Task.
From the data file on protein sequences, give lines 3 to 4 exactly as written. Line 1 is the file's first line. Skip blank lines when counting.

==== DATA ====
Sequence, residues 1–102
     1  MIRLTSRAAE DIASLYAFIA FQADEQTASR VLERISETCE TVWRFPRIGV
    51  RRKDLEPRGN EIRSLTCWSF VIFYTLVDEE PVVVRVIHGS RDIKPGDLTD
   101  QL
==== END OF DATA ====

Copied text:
    51  RRKDLEPRGN EIRSLTCWSF VIFYTLVDEE PVVVRVIHGS RDIKPGDLTD
   101  QL